Brad Little at symposium

Gov. Brad Little speaks at Bannock Development Corp.’s 28th Annual Economic Symposium on Friday at Idaho State University’s Stephens Performing Arts Center in Pocatello.

POCATELLO — During a Friday speech at Idaho State University, Gov. Brad Little touched on a wide variety of issues — diversifying the state’s economy, keeping young people in Idaho, addressing the state’s housing shortage, making Pocatello a hub for the railroad like it once was and more.

But the biggest takeaway from his keynote address at Bannock Development Corp.’s 28th Annual Economic Symposium at ISU’s Stephens Performing Arts Center was that Idaho still has a lot of work to do to get to where it needs to be. Little said the situation is even more urgent considering that a national economic downturn is coming and Idaho needs to be ready.

Creating opportunities for the people of Idaho, especially for young people going to college and graduating, has been at the top of Little’s priority list since he was elected in 2018, he said during his speech to the symposium’s audience of about 300 people.

“Most importantly, we can create an atmosphere in which kids choose to stay in Idaho and those who left will choose to come back,” Little said. “Everything that we do ... is predicated on trying to create that.”

Little said Bannock Development has been a great resource for Southeast Idaho in doing just that.

“This organization in this community time and time again has done what they needed to do to grow, continue to develop better jobs, more jobs, to diversify this economy,” Little said.

It is critical, the governor said, for Idaho to be prepared for the next economic downturn.

“What’s really important is diversifying the economy and adding resilience,” Little said. “We know there’s going to be a slowdown, and it’s already happening in other states. How do we best prepare ourselves for when that happens so that Bannock County, Pocatello, the community, the state of Idaho is prepared for that when it happens?”

He continued, “When I work in economic development, it’s all about first recognizing those who brought you to the dance, those who have been there day in and day out creating jobs and the fact that they just survived. It’s not that they did nothing. In this global economy, people have to continue to create new ideas, to do a better job. One of my sayings that I used to tell my friends in the Capitol is, ‘Change is inevitable. Adaptation and survival are optional.’”

One of the things Idaho is struggling to deal with is the state’s population growth and the challenges it’s created, including a housing shortage, Little said. Idaho’s population has increased from 1.27 million in 2000 to nearly 1.8 million currently.

Having more people in the state is putting pressure on everything from Idaho’s schools to the state’s roads and other infrastructure, Little said.

He said the fact that Idaho’s government has done a good job of managing its money is one of the reasons people are moving to the state in droves.

Little said, “I fundamentally don’t believe in spending money that we don’t have (but I do believe in) saving money for a rainy day. We’re in a position where if this (economy) turns a little south (we have) close to half a billion (dollars) in our rainy day funds. That shock absorber will bode well for us.”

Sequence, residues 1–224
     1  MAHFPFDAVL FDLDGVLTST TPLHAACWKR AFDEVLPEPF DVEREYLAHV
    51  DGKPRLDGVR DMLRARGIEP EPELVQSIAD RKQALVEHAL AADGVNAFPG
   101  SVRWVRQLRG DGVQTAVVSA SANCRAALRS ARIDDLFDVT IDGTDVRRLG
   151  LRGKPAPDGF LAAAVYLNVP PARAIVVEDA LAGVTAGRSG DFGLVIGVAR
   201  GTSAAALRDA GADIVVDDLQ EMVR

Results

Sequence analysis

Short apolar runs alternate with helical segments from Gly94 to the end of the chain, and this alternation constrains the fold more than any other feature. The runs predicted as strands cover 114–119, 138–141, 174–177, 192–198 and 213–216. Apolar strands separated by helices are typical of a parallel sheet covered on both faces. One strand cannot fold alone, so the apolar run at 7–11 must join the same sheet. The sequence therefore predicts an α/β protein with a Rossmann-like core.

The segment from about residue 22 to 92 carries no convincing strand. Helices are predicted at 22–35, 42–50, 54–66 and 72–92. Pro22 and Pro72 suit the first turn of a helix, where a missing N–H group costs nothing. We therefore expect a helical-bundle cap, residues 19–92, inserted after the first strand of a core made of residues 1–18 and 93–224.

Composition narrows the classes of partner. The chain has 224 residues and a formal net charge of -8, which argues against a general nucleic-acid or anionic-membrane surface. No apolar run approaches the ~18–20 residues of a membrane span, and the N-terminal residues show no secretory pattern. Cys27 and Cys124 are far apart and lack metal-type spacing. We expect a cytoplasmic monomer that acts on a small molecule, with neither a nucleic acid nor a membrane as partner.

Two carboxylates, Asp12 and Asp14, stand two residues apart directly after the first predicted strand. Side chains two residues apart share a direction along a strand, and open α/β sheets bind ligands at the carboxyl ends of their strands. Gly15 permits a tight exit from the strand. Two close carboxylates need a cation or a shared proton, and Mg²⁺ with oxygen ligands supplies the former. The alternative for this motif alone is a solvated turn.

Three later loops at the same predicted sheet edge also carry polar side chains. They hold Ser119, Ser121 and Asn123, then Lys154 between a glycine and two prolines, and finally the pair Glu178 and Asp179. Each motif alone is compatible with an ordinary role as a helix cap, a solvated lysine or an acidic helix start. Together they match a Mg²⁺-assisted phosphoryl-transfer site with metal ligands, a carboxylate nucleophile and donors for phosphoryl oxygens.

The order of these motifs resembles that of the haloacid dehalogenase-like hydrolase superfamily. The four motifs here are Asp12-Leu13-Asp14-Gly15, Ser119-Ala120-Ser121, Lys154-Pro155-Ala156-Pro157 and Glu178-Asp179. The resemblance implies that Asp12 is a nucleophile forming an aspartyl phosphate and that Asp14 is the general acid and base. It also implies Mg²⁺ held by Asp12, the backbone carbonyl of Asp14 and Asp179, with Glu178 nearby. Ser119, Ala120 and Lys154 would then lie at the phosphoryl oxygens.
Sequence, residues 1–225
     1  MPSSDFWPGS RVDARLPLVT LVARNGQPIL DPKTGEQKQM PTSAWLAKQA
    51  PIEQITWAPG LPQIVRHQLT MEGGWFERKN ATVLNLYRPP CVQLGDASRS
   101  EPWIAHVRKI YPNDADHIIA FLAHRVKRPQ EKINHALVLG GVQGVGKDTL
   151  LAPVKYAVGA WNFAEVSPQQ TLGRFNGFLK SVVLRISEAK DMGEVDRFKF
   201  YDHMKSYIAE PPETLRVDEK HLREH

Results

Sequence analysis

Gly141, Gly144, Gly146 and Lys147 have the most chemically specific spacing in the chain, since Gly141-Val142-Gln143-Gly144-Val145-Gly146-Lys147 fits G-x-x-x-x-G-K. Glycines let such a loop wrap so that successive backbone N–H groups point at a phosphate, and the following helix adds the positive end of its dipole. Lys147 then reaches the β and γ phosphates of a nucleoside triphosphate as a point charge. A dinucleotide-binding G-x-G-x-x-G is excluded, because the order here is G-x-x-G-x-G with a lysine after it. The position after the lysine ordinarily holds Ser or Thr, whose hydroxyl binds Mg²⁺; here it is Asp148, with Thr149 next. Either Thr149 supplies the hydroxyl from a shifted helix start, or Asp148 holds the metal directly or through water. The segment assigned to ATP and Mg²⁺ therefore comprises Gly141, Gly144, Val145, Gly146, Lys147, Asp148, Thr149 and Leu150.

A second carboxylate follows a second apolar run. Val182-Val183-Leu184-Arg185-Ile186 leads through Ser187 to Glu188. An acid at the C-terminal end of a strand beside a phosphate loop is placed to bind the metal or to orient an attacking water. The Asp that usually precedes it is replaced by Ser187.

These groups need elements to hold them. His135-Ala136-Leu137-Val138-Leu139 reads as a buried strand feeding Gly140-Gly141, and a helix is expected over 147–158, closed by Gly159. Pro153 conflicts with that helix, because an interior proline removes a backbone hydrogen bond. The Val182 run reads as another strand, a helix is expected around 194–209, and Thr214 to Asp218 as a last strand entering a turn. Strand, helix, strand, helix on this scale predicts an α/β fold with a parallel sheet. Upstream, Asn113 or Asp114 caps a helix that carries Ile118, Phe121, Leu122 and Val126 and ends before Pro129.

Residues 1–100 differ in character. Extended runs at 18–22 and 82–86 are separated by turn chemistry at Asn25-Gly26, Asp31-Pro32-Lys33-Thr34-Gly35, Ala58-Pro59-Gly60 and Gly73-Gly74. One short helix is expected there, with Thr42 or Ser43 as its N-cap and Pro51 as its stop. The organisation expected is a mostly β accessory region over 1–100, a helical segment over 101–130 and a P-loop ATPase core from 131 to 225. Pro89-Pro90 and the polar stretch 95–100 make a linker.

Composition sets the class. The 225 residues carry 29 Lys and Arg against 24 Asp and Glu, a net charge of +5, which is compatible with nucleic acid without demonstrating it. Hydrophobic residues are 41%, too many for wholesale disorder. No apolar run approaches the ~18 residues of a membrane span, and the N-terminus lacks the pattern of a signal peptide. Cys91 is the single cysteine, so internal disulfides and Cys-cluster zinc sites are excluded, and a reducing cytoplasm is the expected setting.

Unfortunately, one of the downsides of the state’s population growth is that the urban areas of the state are experiencing a housing shortage, which is compounded by a shortage of contractors in the state to build new housing, Little said.

The governor said the Pocatello area is in a better spot than the rest of the state in terms of addressing this housing shortage because of the Northgate and New Day housing developments being built in Pocatello and Chubbuck, respectively.

He’s less hopeful about how the rest of the state is going to address the housing shortage.

“I don’t know what the solution is there,” Little said. “You’ve got to have a place to put a house. You’ve got to have a workforce to build that house. And you’ve got to simplify regulation to where you get the house permitted, to where you don’t add friction costs onto it. With the growth that is taking place (in Idaho), it’s still going to be a challenge.”

The shortage of construction contractors as well as plumbers and electricians is due in part to the fact that Idaho’s young people are not going into those fields. Little said his administration has started urging Idaho youths as early as eighth grade to go into those careers if they don’t plan on going to college.

The governor also touched on the state’s Department of Correction, which has had to keep increasing its budget over the last 10 years to operate the state’s prison system.

“It’s gone up 65 percent in 10 years. It has been taking money out of education. It has been taking money out of transportation,” Little said about the Department of Correction budget. “We have got to address this issue.”

But he said there are some positive things going on in the Correction Department.

“This year, we funded the expansion of the St. Anthony Work Camp and we funded new community re-entry centers,” Little said. “We have more parolees in Idaho than any other state. We have got to get these people back into society.”

Little also wants to turn Pocatello back into the railroad hub it once was.

He said the state’s farmers are having a very difficult time getting their crops to market because of the trucker shortage. The governor said turning Pocatello’s Union Pacific rail yard back into a major rail hub is the answer.

“To me, the solution is obvious,” Little said. “We need to aggregate in Pocatello all those (rail) cars on a regular basis to get them onto the main line on a regular basis.”